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Umps fix their Game 1 mistake

BOSTON -- Imagine, St. Louis fans, if umpires had bothered to consult with each other in 1985.

Plate umpire Jim Quick: Ummm, Don. I had a pretty good view of that play at first and I'm pretty sure Jorge Orta was out.

Denkinger: No, the play was right in front of me. I saw it clearly. He was safe. Just stick to calling balls and strike, Jim, OK?

Third-base umpire Jim McKean: No, Don. Jim is right. I had a good view from third base, too. He was out.

Left-field umpire Bob Engel: Yeah, by a mile.

Denkinger: Hey, I'm the crew chief! I make the decisions here!

Quick: Look, Don, none of us likes to admit a mistake, but I think your life will be much more pleasant if we agree to change the call. People will remember you for being a fine crew chief for years rather than forever associating your name with a blown call in the World Series. You won't get any threatening phone calls at 3 a.m. And you might even be able to eat in a St. Louis restaurant without someone spitting in your food.

Denkinger: Oh, all right, all right. I'll reverse the call. But I really don't think it's that big a deal. I mean, the Cardinals still lead 1-0 lead in this game and lead the Series 3-2. It's not like one close call will make the difference in who wins and loses the World Series. Or even so, that any reasonable Cardinals fan would hold me responsible if St. Louis goes on to lose this game and Game 7, too.

Unfortunately for St. Louis fans, that is not what happened in 1985. A terrible call was allowed to stand and the entire World Series turned around after that.

Fortunately for baseball, the reverse happened in Game 1 on Wednesday night when all the umpires got together to correct Dana DeMuth's incorrect call in the first inning.

Focused on the second-base bag, DeMuth wasn't able to see that St. Louis shortstop Pete Kozma did not catch Matt Carpenter's toss, so he called Dustin Pedroia out on a force play. A national TV audience could see from replays that DeMuth was clearly wrong, and fortunately for everyone but Kozma and the Cardinals, the rest of the umpire crew got together to correct the call.

"There's five of us out here, OK? And all five of us agreed 100 percent that it wasn't a catch," crew chief John Hirschbeck said to St, Louis manager Mike Matheny while miked for the Fox TV broadcast. "Our job is to get it right."

Hirschbeck was right. It was the correct and proper decision, even if it once again hurt the Cardinals in the World Series.

"That's not a play I've ever seen before," Matheny said. "And I'm pretty sure there were six umpires on the field that had never seen that play before, either. It's a pretty tough time to debut that overruled call in the World Series."

I completely understand where Matheny is coming from -- the entire game might have gone wildly different had the play not been overruled -- but a World Series game is a great time for such a call. It's refreshing that, for once, an umpire will not be made a scapegoat because of a mistake. That the blame is on the player who made an error, rather than the umpire.

"I thought that was one of the most professional, well-done jobs by a crew that I've ever seen," Boston pitcher Ryan Dempster said. "Given all the circumstances, they got together and they got it right. Dana is a good umpire and he's looking at the bag, making sure Kozma is staying on the bag and it's hard to track all that. They came together as a group and made the right call.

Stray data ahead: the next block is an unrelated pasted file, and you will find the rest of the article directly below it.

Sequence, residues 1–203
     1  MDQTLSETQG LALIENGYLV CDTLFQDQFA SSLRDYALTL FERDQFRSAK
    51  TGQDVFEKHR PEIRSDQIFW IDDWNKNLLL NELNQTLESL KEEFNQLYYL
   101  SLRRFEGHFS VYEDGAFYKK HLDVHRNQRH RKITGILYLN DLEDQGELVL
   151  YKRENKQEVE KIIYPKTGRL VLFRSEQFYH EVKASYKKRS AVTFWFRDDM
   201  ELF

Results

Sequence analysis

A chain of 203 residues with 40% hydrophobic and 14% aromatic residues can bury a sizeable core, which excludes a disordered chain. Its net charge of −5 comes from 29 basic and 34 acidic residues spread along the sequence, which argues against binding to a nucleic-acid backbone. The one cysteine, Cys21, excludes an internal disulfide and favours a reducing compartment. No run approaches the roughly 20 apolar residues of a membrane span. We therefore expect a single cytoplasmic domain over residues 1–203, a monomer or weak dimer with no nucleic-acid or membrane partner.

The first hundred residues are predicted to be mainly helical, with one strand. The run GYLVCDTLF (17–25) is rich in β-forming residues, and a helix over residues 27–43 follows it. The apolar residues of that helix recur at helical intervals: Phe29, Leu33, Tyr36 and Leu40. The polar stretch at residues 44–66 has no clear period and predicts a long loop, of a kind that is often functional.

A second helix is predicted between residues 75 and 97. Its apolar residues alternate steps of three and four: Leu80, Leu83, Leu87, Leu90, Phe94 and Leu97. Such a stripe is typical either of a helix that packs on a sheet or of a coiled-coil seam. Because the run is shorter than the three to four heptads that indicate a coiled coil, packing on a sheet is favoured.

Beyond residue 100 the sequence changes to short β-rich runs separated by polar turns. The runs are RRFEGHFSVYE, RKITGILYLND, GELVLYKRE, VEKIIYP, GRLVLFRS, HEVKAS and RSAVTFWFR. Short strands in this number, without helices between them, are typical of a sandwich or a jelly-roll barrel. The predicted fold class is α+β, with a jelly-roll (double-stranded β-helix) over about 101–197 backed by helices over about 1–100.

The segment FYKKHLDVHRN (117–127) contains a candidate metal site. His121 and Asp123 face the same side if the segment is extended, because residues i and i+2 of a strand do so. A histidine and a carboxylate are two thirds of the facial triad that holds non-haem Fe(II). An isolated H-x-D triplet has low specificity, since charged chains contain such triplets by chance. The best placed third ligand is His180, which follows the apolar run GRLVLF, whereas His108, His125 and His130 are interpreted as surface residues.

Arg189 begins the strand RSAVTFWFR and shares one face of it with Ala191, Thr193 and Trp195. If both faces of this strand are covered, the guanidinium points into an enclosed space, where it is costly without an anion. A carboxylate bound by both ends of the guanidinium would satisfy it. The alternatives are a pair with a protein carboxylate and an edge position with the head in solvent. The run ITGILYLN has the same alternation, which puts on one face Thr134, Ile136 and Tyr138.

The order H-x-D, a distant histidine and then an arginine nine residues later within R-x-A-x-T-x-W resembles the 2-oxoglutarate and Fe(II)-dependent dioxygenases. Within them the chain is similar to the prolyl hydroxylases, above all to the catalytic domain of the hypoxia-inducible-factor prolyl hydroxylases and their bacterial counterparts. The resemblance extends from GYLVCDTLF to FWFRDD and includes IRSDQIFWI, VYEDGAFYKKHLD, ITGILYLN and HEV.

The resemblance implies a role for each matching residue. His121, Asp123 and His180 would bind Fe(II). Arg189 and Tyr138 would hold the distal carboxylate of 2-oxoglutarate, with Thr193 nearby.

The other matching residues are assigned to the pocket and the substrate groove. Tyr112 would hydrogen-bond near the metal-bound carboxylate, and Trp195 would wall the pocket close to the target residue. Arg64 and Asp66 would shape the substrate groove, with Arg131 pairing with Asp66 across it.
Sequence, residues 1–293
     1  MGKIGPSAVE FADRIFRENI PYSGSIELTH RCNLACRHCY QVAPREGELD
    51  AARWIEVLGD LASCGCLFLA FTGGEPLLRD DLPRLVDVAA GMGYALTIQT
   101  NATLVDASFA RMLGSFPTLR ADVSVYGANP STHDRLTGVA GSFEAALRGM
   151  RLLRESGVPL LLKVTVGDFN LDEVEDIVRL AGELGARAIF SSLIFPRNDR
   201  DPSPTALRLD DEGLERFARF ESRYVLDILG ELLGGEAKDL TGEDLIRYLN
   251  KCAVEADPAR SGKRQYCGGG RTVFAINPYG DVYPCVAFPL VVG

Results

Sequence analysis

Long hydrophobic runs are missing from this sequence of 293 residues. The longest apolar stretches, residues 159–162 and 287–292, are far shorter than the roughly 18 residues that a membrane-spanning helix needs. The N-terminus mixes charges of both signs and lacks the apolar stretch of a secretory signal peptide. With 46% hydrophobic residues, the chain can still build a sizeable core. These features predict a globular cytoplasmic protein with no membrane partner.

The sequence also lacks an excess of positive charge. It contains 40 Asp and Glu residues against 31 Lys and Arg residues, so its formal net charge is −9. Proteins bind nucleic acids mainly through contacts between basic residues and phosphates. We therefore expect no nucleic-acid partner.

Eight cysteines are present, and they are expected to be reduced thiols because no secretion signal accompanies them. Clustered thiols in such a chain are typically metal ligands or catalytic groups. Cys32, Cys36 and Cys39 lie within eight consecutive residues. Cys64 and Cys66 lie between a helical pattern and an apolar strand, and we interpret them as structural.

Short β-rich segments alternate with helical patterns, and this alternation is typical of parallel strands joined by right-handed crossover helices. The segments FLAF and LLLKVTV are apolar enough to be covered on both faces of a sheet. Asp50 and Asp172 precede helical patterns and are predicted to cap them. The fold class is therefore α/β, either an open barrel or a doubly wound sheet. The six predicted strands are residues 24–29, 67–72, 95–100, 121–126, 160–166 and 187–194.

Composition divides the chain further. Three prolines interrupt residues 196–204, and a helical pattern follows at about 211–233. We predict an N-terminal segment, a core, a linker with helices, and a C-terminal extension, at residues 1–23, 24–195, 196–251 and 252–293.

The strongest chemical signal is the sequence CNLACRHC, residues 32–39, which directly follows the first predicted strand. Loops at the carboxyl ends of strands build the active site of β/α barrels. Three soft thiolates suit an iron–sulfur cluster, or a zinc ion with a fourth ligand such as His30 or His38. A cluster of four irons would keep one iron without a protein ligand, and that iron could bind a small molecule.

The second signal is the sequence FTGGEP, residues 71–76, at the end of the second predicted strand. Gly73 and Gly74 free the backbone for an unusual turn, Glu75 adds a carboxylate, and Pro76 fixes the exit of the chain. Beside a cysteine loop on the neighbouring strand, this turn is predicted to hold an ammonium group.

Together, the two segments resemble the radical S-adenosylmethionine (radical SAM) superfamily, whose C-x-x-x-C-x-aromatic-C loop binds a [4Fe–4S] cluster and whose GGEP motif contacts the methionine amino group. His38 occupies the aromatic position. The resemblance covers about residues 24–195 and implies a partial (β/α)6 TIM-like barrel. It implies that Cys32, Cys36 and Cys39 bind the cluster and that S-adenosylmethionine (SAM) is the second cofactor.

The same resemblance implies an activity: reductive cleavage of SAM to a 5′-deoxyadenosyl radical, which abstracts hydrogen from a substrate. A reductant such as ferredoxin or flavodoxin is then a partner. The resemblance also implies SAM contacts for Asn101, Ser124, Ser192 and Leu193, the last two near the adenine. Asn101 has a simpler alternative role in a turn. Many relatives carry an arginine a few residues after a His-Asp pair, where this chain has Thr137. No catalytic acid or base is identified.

"It was good for us but at the end of the day, as players that's all we're looking for. Whether it goes for you or against you, you're just looking for the right call."

DeMuth said it's "an awful feeling" when the crew is telling him his call was wrong, "especially when I'm sure that I had the right call. But I've got to be a team guy here and get the right call."

It may be an awful feeling at the moment but it's not nearly as awful a feeling as it will be for the rest of a career -- if not a life -- if an umpire is forever remembered for a terrible call. Which is another big reason for umpires to confer as they did. They can save themselves and their colleagues decades of grief with a short moment of conversation and input.

Baseball has been slow to adapt to improving technology and replay capabilities. But it finally is. Replay has been in use for several years on disputed home runs and next season it will be expanded to include many other types of plays. I'm not sure if the way the league is going about it is correct -- allowing managers multiple challenges will make games even longer -- but the key is to get calls right.

So in addition to more replay, I hope Wednesday's reversal begins a trend in which umpires get together more often to confer and get calls right. St. Louis fans might not be happy but they can't blame the umpires for Wednesday's loss -- just their team's awful fielding. Even St. Louis starter Adam Wainwright admitted it was the correct call while blaming himself for a poor performance. "I've never seen a call reversed like that with a huddle, but I think they probably got it right."

They did. And baseball is better for it.

Sigh. Now I just wish the umpires had helped out Richie Garcia on that Jeffrey Maier home run back in 1996.